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As artificial intelligence (AI) capabilities rapidly evolve, the imperative to experiment and identify valuable ways to use it becomes increasingly crucial for finance and accounting functions seeking to create business value, as well as boost productivity and efficiency. AI has the potential to transform the work of finance, but it is also important to recognize its limitations and implement the right checks and balances to ensure its responsible use.  

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To explore the opportunities and challenges of AI utilization in finance and accounting functions, IFAC’s Professional Accountants in Business (PAIB) Advisory Group held a session on AI during its recent meeting in Cape Town. ACCA’s Head of Technology Research, Alistair Brisbourne set the context for the session, sharing insights on the evolving role of finance functions, and their increasing application of the different types of AI - machine learning, computer vision, natural language processing, and generative AI. Findings from ACCA’s Digital Horizons survey revealed that almost a fifth of those surveyed have adopted AI in some form, with generally positive attitudes towards AI and its potential benefits, including freeing up time to focus on business-critical tasks. 

Focusing on generative AI and large language models (LLMs) as the next evolution of AI, Alistair highlighted the major investments being made such as PwC’s US$1bn investment in generative AI capabilities over a three-year period, and KPMG’s collaboration with Microsoft on AI and cloud services over five years. Alistair also discussed the complexities and challenges of training and improving LLMs and the potential risks of generative AI, including that accuracy and reliability of these models cannot be assumed to be stable as they develop. Specific capabilities may even deteriorate as models continue to train due to the hundreds of billions of parameters used. Using examples, he demonstrated the fundamental and technical limitations of models and emphasized the importance of asking these tools the right questions and having mechanisms to catch mistakes when, and not if, they are made.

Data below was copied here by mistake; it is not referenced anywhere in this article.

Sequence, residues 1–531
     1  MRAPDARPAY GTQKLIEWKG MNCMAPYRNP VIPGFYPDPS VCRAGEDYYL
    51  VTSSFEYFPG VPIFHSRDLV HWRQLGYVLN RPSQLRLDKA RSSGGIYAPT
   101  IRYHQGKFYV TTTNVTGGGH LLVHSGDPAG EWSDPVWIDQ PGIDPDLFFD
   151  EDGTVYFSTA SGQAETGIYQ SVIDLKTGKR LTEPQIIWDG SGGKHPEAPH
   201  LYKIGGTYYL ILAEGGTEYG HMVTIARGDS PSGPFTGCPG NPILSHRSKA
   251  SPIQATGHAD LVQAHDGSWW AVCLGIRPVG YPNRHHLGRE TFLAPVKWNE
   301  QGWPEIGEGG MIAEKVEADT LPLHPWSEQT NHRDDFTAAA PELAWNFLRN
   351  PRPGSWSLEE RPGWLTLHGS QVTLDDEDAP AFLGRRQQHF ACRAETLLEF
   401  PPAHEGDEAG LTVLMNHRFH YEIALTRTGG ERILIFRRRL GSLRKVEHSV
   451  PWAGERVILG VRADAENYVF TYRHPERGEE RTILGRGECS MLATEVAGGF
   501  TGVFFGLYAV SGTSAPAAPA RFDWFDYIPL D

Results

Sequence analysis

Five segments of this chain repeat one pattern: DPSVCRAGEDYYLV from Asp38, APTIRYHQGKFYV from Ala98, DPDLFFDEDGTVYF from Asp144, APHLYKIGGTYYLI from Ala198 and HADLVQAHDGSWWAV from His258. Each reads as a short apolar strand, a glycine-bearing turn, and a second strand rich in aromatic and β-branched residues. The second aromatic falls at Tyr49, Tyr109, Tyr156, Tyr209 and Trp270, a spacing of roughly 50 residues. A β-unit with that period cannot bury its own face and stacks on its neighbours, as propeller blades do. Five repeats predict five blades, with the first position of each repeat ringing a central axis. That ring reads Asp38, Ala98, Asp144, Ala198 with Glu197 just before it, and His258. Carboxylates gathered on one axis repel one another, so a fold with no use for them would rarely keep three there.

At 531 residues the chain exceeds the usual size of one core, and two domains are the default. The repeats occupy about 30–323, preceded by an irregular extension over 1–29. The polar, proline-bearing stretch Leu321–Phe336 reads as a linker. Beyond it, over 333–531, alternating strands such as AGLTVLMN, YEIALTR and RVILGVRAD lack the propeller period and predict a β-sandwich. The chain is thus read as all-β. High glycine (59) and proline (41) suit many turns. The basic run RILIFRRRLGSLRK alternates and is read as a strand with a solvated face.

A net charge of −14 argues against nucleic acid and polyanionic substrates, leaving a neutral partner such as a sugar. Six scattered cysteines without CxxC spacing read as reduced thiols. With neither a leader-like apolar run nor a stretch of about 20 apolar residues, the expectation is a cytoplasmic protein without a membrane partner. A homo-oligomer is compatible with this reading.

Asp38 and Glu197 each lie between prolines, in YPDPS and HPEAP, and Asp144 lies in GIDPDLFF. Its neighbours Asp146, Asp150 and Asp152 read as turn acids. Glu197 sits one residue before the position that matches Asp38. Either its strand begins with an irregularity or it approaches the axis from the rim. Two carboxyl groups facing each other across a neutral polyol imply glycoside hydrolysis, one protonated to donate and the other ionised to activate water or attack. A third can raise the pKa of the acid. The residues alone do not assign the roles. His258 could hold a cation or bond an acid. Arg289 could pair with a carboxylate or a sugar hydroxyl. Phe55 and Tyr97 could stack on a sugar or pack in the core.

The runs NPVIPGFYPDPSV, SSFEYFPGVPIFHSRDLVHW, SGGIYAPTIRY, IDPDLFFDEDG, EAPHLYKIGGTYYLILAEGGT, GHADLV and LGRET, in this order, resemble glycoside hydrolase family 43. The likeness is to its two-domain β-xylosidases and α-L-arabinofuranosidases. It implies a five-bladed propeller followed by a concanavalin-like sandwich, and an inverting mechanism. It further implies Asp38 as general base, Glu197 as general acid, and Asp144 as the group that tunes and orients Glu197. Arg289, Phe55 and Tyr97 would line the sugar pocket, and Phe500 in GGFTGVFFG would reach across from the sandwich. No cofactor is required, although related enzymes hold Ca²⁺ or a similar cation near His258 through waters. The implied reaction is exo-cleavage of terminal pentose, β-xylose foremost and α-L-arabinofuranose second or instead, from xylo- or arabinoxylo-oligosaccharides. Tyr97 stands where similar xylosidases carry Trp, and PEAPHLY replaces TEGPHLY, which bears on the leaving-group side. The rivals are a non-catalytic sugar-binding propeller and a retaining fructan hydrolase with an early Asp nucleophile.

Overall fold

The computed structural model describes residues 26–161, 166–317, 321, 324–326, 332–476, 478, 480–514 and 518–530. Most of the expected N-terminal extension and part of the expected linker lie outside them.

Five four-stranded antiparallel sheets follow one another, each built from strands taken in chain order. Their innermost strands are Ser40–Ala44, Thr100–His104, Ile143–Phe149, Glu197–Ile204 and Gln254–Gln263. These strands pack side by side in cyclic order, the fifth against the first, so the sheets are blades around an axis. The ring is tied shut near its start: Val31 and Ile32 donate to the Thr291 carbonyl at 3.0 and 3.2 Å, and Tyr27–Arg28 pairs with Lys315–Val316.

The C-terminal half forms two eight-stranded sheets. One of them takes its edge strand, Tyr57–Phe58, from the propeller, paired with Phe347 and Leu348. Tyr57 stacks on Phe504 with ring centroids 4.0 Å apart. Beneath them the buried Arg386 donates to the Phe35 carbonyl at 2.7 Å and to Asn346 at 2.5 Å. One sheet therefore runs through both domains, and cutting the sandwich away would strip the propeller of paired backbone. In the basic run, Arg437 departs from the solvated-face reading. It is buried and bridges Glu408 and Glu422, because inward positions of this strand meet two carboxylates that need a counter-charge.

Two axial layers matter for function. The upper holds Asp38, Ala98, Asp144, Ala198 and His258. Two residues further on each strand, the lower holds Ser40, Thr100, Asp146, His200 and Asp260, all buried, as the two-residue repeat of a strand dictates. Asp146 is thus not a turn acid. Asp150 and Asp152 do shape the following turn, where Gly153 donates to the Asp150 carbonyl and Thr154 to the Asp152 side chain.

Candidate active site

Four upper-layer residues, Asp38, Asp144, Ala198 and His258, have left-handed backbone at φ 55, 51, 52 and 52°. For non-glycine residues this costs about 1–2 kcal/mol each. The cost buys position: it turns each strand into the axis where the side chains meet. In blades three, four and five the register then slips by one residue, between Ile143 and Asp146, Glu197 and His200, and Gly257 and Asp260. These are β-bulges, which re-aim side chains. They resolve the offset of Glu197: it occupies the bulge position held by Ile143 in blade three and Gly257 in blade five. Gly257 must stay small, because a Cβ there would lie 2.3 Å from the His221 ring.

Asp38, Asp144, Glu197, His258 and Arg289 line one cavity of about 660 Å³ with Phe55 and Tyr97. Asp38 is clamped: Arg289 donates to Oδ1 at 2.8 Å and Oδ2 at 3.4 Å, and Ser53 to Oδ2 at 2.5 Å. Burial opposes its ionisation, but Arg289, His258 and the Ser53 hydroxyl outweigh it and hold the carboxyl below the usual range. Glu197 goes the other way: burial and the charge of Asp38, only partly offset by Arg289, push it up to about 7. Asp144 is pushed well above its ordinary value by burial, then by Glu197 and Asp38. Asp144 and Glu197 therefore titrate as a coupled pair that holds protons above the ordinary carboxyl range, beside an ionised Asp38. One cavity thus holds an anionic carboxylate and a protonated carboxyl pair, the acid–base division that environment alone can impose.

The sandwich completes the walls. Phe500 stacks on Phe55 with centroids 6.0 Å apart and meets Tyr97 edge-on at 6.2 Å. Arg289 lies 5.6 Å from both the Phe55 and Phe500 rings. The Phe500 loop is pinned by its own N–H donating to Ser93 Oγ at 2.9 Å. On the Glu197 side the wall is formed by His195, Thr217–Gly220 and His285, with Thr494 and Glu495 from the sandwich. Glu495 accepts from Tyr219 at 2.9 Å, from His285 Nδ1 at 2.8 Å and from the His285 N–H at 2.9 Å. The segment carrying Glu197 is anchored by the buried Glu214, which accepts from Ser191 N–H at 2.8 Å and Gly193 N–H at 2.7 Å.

The discussion also highlighted a need to focus on augmenting the role of finance, using AI to provide enhanced insights to support domain experts, rather than solely focusing on efficiency gains.  

Watch Alistair’s presentation in full: Future-ready finance: Unlocking new paths in finance and accountancy using AI, presentation by Alistair Brisbourne, Head of Technology Research, ACCA 

The PAIB Advisory Group then discussed how finance and accounting functions are currently using AI, the implications of AI on roles and skills, and the support needed from the global accountancy profession and professional accountancy organizations (PAOs). Key highlights from their discussion are summarized below. 

Areas that finance and accounting are using AI